First, as KC Jones pointed out in Informationweek, the problem was with humans, not technology.
Which means that the breach was like a lot of breaches -- whether dealing with bonehead snooping or malicious thievery, your security policy needs to be as human-focused as it is tech-focused. No amount of security investment and deployment is going to stop someone determined to make a mistake (or commit a crime) -- if that person has access.
The challenge is to deploy the technology that displays warnings, rings bells, sounds sirens and fires off alerts when that mistake is made or crime committed. We've already heard that the passport file system had such safeguards in place.
So far so good.
But because the alerts and notifications don't always stop the determinedly boneheaded, your system -- which means your company -- has to have in place rules, procedures and processes that feed the bad news upstream as fast as possible and as high as possible.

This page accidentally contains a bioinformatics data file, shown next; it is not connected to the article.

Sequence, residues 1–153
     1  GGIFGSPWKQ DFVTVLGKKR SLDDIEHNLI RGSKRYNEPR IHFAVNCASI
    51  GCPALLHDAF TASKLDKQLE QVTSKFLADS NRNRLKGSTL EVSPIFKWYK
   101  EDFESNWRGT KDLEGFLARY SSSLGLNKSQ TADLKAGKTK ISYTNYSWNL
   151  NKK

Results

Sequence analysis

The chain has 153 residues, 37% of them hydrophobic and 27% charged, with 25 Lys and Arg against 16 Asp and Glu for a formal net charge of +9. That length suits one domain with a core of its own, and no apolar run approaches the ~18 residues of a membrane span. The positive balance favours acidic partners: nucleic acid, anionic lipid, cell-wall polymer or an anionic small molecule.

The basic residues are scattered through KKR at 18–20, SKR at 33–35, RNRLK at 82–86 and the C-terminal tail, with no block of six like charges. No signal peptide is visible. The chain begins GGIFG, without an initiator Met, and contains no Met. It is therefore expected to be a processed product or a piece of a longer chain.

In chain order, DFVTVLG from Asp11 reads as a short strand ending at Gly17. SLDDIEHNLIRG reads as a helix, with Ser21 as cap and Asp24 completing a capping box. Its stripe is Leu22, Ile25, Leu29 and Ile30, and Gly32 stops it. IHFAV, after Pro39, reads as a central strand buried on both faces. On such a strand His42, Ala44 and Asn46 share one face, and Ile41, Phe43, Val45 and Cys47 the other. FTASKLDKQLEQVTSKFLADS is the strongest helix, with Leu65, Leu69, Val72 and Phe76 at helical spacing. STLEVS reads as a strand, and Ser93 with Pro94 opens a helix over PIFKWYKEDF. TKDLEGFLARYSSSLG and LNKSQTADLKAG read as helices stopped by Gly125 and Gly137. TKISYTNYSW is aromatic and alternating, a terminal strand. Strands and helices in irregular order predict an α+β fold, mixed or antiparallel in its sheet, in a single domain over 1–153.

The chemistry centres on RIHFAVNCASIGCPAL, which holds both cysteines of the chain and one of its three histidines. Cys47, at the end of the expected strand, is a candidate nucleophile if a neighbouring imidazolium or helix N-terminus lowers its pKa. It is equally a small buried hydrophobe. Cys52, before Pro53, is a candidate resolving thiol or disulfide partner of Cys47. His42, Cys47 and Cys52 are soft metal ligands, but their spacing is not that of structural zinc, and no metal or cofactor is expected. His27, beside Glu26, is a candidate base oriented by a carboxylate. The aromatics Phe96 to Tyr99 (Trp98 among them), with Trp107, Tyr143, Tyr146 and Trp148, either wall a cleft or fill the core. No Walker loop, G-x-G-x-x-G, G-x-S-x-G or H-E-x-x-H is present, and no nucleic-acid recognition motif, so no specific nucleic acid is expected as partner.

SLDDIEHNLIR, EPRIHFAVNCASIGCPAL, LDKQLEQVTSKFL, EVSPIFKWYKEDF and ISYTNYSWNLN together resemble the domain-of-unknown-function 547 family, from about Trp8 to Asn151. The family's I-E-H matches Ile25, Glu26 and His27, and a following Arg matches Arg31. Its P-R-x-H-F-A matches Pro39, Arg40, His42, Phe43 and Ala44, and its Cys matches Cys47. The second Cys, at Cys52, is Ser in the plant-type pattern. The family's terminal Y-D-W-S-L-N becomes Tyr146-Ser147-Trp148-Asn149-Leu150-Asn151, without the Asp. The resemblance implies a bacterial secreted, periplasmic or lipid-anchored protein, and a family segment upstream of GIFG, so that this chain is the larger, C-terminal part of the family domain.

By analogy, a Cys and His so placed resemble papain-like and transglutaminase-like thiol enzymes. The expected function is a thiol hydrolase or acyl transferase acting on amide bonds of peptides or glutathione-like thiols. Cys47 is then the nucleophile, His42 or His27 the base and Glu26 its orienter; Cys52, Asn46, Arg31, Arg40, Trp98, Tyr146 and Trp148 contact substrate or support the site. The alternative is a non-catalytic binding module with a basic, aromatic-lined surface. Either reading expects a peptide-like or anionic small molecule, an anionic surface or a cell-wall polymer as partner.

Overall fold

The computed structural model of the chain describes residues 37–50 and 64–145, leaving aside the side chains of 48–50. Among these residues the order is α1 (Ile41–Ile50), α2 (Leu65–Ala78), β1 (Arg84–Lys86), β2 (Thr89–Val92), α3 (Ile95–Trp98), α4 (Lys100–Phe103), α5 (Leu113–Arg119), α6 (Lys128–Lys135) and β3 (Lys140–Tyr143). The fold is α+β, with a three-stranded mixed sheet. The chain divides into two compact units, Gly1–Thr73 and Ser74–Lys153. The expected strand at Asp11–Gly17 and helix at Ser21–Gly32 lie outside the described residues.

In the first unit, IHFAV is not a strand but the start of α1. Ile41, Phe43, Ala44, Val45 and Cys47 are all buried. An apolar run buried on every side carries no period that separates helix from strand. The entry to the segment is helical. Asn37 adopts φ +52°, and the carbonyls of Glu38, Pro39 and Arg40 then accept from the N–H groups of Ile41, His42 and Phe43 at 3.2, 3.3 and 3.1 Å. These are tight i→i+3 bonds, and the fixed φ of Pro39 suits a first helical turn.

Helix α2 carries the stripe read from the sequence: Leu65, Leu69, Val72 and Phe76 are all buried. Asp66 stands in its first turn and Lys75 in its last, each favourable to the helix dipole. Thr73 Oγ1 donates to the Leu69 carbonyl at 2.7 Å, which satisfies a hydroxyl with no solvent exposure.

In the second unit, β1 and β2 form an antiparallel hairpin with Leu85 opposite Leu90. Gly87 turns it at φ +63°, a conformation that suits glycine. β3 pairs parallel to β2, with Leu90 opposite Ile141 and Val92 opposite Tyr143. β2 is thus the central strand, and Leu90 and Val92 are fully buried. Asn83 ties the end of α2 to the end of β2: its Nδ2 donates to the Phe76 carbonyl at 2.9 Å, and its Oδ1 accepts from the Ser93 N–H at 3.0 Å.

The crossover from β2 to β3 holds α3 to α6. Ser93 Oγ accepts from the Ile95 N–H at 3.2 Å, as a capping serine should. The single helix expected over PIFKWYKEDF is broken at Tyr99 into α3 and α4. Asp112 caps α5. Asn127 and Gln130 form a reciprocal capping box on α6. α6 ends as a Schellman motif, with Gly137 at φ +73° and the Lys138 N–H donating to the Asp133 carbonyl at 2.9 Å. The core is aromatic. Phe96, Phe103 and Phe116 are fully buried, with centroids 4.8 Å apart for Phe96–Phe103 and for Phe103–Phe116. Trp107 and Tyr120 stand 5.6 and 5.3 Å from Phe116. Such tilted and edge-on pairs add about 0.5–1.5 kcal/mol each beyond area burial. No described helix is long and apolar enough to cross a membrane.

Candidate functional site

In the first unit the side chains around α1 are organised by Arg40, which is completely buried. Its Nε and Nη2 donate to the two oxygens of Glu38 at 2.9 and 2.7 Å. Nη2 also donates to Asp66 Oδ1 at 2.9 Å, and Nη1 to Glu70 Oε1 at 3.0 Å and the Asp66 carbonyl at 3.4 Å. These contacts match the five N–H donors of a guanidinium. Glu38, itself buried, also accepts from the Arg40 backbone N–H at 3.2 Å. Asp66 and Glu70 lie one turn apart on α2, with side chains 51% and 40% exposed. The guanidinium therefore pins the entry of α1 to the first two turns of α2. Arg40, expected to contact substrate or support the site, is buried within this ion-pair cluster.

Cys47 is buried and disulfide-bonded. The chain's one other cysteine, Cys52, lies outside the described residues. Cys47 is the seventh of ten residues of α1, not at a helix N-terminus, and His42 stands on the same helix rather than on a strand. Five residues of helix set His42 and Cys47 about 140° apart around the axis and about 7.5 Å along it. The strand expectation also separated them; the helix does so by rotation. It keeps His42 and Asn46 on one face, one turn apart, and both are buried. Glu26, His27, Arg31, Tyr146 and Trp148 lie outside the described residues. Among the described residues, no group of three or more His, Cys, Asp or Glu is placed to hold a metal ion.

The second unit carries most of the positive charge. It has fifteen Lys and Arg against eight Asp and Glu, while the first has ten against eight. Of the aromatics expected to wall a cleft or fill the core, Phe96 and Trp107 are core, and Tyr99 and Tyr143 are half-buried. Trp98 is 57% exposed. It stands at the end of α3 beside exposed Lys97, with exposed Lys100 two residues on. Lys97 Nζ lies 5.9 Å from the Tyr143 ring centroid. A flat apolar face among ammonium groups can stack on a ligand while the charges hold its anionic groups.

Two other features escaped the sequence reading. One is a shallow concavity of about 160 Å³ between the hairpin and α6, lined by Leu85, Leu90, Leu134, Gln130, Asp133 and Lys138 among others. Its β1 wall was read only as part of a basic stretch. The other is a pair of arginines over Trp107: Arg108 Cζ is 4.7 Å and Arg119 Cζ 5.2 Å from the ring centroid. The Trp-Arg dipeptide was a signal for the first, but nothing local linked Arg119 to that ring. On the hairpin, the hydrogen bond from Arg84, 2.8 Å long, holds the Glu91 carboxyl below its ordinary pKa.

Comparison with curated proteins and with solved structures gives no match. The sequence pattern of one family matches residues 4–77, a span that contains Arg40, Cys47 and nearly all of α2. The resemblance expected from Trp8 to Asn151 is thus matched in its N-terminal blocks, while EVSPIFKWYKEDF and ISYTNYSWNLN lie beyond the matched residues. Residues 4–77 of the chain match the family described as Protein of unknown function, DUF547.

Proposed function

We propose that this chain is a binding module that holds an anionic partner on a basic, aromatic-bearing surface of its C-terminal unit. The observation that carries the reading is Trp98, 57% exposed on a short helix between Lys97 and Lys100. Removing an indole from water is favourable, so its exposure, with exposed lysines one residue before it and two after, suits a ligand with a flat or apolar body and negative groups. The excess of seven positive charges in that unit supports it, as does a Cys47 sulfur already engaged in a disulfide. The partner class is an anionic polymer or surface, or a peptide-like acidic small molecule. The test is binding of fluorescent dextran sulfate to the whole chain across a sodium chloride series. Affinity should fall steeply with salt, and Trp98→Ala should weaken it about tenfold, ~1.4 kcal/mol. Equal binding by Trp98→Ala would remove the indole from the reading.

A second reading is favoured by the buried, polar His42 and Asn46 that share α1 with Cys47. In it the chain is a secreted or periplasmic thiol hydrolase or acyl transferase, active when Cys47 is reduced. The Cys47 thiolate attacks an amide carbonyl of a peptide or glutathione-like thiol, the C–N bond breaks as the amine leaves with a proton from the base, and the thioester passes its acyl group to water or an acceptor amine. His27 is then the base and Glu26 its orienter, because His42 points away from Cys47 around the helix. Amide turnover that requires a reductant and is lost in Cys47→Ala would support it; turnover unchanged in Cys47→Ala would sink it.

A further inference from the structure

That is, there's little excuse for employees (or contractors) snooping where they shouldn't be. But -- humans again -- it happens.
There's no excuse for putting your management team in the position -- as the Secretary of State found herself in -- of saying words to the effect of "I just now found out about this."
Those sorts of reactive damage-control statements -- and we hear them all the time from businesses as well as organizations and institutions -- send a message that can be as damaging to your company and its leadership and the breach that they didn't get informed of in the first place.
Finally, while the call for investigations into the breaches and their causes are to be expected (inevitably so in an election year) it would be nice to see some of our representatives use this high-profile story to call for wider official discussion of digital security issues and policies across the board, not just when problems with those policies affect presidential candidates.